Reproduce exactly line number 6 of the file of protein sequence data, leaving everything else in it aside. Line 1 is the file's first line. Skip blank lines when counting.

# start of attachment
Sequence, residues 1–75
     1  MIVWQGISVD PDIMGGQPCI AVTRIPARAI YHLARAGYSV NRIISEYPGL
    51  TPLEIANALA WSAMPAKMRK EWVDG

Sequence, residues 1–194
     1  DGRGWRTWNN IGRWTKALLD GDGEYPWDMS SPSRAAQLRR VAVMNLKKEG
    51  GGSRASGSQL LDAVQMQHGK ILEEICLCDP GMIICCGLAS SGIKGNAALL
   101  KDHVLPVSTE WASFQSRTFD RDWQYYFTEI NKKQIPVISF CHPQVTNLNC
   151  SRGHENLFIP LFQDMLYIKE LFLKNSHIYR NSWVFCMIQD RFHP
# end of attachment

    51  GGSRASGSQL LDAVQMQHGK ILEEICLCDP GMIICCGLAS SGIKGNAALL